In a weekly show, Mos Def (and some guy wheeled out at the end)
presents a collection of modern poems and pieces of spoken word
delivered by their authors. Some are funny, some are rude, some are
clever, some are touching, some are thoughtful, some are impressive,
some are not, some are great, some are OK, some are poor. And that is
how best I sum this up because it is very mixed but is interesting
enough to be worth watching if you are fan of hip hop (not hip pop or
the stuff from actors playing criminals and fronting all the time). I
say this because the show does feature the sort of stuff that will
appeal to fans of people like Common, Mos Def, Talib Kweli, The Roots,
?uestlove, Jean Grae real head stuff! This is not to say it is of
their quality because it isn't indeed the show is very mixed.
Lyrically the majority of it is interesting and worth listening too and
for that alone it is worth seeing it for. However the delivery is a bit
of a problem. Too many artists think that raising their volume gives
them more meaning or power, whereas really it doesn't. I think
especially of the poem by the mixed race girl about her heritage on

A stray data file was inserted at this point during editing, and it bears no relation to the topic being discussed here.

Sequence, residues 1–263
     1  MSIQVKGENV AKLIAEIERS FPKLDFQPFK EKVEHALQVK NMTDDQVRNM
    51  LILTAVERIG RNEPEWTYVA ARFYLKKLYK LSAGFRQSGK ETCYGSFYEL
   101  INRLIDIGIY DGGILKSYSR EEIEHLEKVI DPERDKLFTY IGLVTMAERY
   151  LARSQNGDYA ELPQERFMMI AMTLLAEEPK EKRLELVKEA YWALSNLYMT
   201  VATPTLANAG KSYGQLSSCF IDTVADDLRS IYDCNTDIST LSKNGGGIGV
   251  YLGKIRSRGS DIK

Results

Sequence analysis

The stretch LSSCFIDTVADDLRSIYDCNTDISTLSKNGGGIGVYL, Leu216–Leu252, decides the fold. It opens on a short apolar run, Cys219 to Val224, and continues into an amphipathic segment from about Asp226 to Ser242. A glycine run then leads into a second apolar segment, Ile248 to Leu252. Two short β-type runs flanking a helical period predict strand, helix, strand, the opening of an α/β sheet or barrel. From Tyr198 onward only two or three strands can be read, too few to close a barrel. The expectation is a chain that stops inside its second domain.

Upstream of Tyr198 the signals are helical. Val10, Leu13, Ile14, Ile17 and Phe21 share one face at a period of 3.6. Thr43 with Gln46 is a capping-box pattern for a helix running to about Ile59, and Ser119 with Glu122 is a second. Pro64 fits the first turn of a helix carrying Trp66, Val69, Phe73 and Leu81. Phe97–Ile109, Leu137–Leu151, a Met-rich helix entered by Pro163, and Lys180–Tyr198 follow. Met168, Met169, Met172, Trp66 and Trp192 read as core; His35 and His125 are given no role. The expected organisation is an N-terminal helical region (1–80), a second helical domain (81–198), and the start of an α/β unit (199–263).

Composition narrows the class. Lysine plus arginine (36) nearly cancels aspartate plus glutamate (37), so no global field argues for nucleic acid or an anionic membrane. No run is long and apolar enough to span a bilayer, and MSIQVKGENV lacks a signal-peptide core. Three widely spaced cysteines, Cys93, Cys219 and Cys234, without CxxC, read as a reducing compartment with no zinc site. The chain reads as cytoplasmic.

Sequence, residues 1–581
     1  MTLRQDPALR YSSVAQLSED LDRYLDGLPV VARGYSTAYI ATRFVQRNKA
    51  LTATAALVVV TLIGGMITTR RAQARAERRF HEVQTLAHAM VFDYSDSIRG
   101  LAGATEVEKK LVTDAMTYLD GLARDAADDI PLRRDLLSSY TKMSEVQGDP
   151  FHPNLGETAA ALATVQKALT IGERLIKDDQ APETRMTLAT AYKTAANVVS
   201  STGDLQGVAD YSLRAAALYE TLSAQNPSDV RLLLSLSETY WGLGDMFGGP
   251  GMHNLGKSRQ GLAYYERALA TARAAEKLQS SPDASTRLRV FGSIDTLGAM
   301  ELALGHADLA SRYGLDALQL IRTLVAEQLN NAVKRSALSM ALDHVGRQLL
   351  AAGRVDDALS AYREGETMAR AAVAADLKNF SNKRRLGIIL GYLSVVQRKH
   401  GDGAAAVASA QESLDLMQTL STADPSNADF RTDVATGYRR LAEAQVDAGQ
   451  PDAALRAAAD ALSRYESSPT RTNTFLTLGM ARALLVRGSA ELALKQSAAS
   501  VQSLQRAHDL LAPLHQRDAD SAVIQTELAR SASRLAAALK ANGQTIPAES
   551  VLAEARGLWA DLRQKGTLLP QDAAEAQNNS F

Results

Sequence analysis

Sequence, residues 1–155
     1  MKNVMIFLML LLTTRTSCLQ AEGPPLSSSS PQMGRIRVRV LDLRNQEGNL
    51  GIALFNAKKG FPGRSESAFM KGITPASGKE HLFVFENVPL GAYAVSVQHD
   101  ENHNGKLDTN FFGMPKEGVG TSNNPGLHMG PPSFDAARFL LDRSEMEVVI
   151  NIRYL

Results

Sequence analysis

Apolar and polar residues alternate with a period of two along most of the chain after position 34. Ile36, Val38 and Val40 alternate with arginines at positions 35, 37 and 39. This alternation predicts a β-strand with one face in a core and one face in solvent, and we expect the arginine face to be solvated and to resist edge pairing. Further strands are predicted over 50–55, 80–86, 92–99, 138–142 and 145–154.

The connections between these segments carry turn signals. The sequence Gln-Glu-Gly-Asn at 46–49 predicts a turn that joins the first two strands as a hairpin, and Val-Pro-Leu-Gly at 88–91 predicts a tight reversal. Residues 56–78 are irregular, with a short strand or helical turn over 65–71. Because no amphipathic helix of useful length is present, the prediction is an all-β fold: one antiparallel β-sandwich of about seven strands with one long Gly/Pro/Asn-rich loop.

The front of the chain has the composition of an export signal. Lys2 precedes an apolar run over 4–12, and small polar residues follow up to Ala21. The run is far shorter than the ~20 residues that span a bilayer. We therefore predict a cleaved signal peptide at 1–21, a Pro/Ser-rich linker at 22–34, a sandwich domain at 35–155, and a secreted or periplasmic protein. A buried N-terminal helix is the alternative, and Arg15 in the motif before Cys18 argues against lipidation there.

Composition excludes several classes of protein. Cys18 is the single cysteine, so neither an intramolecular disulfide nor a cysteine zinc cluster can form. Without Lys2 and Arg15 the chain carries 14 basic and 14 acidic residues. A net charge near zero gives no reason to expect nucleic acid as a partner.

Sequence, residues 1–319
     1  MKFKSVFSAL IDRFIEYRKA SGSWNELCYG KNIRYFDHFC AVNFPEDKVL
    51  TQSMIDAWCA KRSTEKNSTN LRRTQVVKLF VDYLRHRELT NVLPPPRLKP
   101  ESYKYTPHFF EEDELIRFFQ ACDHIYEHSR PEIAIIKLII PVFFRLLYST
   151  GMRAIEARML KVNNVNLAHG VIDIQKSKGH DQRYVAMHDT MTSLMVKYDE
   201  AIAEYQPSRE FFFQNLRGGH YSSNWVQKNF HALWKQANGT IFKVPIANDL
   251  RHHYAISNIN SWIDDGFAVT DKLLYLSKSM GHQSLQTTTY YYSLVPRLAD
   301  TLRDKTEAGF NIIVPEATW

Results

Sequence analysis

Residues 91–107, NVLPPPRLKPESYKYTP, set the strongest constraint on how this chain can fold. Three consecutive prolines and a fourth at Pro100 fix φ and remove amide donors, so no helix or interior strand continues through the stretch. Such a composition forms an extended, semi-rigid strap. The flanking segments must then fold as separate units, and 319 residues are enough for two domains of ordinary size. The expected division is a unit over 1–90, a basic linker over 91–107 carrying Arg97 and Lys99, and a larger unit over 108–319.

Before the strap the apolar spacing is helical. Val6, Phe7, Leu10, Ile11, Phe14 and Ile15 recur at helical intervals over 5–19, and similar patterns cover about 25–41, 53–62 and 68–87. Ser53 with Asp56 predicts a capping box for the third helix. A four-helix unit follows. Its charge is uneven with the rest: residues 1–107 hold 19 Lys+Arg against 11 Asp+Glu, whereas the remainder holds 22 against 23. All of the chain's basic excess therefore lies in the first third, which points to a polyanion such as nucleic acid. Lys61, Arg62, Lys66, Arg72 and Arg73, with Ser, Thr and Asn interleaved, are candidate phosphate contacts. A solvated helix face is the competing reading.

paper it is great but her delivery is too angry, her words said it all,
her delivery made it feel like ham. I was surprised by how many I
actually really liked and took me by surprised by how clever they were
"between these thighs" is very clever and very funny, playing on the
black clichés of relationships that are promoted by mainstream hip hop
culture; the Korean guy offering himself to be any bit part cliché in
any movie was very self aware and the poem "money" was very funny
indeed. Of course it is a matter of taste and I imagine that people who
dislike this type of stuff and hip hop of this side will be put off by
it; even those who are into it will acknowledge that there are weak
links in the chain, even if the overall product is good.
Overall, this is a good show that I found different and interesting even if the standard was not consistent across the board. The majority of poems are very well written and are well worth listening to for whatever they make you do (think, laugh, chuckle, reflect, switch off!) but the main weakness is often the delivery. Too few of the poems come across as themselves are the majority seem to be just aping the style of "modern beat poet" the strongest poems are from those who come across as real people with real words rather than just performers; happily they are in the majority. Very different from the sort of stuff TV serves us up here in the UK and well worth seeing if you are a fan of Mos Def, Kweli, Common et al (and if you're not, you should become one).
Def Poetry host by Mos Def is definitely a nice and relaxing show for me.
As someone who listens to Rap music which is spawned by poetry, it's very
interesting to see a diverse group of poets with attitude and mental
intellect. The cast sometimes is very, very unorthodox and this is what
makes the show good to watch.
Same thing basically as Def Comedy Jam, but this is all poetry and even some of the poems have a strong sense of humor in them. memorable poems by Flow Mentalz, Yellow Rage, Common, Buju Banton, Talib Kweli, Wood Harris and others...